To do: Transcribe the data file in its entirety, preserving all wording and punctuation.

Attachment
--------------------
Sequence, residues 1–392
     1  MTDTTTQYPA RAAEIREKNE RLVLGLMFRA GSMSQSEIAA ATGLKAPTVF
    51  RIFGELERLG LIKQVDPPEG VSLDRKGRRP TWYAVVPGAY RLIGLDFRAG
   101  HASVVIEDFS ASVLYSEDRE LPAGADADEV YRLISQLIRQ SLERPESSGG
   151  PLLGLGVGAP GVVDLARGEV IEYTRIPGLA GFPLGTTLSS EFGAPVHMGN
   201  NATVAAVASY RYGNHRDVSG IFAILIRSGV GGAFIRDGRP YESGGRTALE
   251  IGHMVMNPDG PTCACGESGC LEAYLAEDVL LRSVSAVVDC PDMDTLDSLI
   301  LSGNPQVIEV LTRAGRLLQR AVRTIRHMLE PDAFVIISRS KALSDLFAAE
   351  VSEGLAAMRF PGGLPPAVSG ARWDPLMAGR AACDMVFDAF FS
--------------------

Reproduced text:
Sequence, residues 1–392
     1  MTDTTTQYPA RAAEIREKNE RLVLGLMFRA GSMSQSEIAA ATGLKAPTVF
    51  RIFGELERLG LIKQVDPPEG VSLDRKGRRP TWYAVVPGAY RLIGLDFRAG
   101  HASVVIEDFS ASVLYSEDRE LPAGADADEV YRLISQLIRQ SLERPESSGG
   151  PLLGLGVGAP GVVDLARGEV IEYTRIPGLA GFPLGTTLSS EFGAPVHMGN
   201  NATVAAVASY RYGNHRDVSG IFAILIRSGV GGAFIRDGRP YESGGRTALE
   251  IGHMVMNPDG PTCACGESGC LEAYLAEDVL LRSVSAVVDC PDMDTLDSLI
   301  LSGNPQVIEV LTRAGRLLQR AVRTIRHMLE PDAFVIISRS KALSDLFAAE
   351  VSEGLAAMRF PGGLPPAVSG ARWDPLMAGR AACDMVFDAF FS